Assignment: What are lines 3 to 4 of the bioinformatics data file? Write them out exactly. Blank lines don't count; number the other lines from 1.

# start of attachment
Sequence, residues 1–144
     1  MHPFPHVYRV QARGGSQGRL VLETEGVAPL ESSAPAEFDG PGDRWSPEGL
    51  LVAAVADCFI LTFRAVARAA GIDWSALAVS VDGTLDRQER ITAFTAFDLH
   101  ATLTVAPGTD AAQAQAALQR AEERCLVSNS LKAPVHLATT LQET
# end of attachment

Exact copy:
    51  LVAAVADCFI LTFRAVARAA GIDWSALAVS VDGTLDRQER ITAFTAFDLH
   101  ATLTVAPGTD AAQAQAALQR AEERCLVSNS LKAPVHLATT LQET